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Camel feeding (so’out)(1)



Camel feeding

Traditional social practices

Camel feeding, also known as camel “so’out"2 is the fatty food that is offered to camels which allows them to participate in races. It is composed of fat, honey and eggs.3 Seasonal races are held for camels in many arenas that are spread across different parts of the United Arab Emirates. Preparation involves camel herders supervising everything related to their camels that will be participating in the race, especially their training, feeding and health status.4

The purpose of so’out is to provide camels with energy, as they tend to be exhausted, especially after races. The so’out consists of ghee, honey and eggs. In this context, the narrator Ahmed Al Nuaimi mentions that so’out is comprised of cow fat to which honey and local eggs are added, and is fed to the camels after races to compensate for the exhaustion associated with participating in races. He adds that so’out is given to both regular and racing camels during the mukaid period at a rate of once a week and is usually comprised of pure fat free of any additives.5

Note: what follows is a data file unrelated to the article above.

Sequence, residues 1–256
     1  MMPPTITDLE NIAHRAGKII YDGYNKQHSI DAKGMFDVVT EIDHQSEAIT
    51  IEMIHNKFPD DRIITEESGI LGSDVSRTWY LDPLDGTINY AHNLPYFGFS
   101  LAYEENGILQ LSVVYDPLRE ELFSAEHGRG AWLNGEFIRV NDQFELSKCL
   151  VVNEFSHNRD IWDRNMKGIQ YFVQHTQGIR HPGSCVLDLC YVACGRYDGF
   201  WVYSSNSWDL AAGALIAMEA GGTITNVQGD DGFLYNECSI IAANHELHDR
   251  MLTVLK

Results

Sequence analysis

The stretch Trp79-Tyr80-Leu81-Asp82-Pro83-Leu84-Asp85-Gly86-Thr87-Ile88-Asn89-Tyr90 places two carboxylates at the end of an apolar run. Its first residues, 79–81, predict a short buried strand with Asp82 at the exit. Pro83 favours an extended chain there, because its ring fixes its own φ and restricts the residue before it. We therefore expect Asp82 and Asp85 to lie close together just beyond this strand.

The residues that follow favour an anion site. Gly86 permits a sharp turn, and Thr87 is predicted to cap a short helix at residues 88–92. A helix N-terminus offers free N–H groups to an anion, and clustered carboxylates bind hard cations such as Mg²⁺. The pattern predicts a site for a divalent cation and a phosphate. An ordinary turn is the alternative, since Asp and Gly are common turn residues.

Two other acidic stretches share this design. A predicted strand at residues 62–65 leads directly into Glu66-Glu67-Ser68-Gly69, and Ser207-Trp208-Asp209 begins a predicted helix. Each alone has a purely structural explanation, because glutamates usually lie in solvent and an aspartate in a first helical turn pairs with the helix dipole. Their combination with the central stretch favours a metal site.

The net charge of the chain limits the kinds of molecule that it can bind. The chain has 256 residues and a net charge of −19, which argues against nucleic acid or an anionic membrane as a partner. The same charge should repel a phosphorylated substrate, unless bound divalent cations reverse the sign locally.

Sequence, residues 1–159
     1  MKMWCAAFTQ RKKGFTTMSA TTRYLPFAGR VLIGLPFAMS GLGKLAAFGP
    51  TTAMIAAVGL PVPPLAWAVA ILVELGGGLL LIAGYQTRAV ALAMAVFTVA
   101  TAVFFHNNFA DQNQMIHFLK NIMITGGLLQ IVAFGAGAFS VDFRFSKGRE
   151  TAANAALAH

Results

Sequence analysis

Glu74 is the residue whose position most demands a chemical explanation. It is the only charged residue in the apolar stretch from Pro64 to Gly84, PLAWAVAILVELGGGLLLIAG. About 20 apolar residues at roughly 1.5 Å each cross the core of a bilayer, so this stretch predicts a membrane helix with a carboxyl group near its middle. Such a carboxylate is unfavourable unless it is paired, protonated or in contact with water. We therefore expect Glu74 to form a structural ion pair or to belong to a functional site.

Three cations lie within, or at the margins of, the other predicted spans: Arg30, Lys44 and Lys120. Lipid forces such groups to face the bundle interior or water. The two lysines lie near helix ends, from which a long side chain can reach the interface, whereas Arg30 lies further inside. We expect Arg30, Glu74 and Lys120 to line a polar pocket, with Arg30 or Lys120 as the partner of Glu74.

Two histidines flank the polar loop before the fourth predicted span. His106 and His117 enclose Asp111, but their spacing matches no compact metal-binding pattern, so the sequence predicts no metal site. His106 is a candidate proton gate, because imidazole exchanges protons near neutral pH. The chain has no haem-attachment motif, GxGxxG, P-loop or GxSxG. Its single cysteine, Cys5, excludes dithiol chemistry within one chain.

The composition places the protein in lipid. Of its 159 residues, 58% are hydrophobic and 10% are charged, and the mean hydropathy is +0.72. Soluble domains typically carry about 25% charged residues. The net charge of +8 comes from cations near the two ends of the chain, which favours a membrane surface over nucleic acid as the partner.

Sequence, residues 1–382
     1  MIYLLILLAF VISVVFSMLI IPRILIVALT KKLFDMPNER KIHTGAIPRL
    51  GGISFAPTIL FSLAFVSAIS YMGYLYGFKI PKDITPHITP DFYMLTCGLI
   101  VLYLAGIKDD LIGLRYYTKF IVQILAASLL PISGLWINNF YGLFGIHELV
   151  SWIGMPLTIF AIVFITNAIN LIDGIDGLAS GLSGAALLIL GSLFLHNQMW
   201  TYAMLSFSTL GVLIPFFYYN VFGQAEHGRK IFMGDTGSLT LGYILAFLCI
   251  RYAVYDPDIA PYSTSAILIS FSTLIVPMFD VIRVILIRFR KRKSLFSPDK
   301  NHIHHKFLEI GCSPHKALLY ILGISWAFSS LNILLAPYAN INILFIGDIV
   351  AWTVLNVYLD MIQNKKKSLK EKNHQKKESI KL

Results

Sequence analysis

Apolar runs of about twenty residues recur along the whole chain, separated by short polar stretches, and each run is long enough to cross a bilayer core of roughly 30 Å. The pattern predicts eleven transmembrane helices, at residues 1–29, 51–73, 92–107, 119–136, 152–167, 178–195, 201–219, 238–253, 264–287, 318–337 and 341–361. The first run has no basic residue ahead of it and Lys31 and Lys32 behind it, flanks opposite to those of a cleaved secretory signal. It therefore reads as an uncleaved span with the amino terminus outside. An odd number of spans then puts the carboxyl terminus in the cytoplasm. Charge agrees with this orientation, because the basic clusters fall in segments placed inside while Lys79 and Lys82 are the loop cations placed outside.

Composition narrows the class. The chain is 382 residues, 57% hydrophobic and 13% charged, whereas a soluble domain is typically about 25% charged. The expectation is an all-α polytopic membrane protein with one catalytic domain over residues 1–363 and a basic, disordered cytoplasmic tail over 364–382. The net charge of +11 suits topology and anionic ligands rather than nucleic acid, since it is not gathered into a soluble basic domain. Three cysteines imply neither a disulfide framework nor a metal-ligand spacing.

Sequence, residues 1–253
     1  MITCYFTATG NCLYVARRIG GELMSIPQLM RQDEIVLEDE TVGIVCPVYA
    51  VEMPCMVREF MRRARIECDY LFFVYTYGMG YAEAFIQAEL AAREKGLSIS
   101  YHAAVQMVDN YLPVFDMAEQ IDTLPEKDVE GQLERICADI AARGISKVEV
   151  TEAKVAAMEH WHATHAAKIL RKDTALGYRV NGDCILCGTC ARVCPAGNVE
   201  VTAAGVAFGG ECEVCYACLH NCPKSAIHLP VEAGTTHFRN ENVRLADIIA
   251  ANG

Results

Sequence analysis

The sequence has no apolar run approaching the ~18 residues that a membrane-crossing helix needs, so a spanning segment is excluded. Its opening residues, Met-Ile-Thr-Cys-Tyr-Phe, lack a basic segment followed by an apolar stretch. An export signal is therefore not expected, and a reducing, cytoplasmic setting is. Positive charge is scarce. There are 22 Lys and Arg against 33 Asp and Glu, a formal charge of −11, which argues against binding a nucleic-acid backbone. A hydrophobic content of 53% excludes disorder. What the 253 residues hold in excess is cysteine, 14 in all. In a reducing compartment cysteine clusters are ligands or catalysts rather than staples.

The narrator, Al Sagheer Al Dhahiri, points out: “At first, we give them hulool for five days, after which they are given “so’out” comprised of ghee and its components.” He adds: “So’out is given to both large and small camels. To my knowledge, camels whether large or small, are given a period of rest of twenty days, in which they are fed “so’out”, comprised of cow ghee or sheep ghee, if available, as both are natural. The portion of food given during “so’out” is roughly that of a small water bottle filled to its end. "

Al Sagheer explains: “After so’out, camels should be fed pumpkin seeds, and be left to move about for about two kilometers and allowed to rest for twenty days. They must remain in their farm during the day and are not allowed to leave. He also stressed the need to avoid barley and to supply them with dates. The mixture is only given to running camels, because the running mixture is only suitable for runners.” He also warns not to excessively feed the camels ‘so’out”, whether it be cow or sheep ghee, as once is sufficient, while pumpkin seeds should be provided for twenty successive days.6

Thus, thanks to so’out and continued good feeding, camels can regain the energy and strength that they used up during the racing period. In addition, so’out is given to emaciated camels or in order to increase their strength, as the fat provides strength and luster to the hair as well as physical strength to the body.



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